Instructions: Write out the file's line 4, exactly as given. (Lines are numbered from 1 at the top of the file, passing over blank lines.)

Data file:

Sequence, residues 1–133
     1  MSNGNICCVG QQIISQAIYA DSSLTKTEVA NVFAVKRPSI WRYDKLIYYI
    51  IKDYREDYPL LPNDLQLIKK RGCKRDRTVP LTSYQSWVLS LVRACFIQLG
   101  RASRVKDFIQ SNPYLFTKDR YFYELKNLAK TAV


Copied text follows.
   101  RASRVKDFIQ SNPYLFTKDR YFYELKNLAK TAV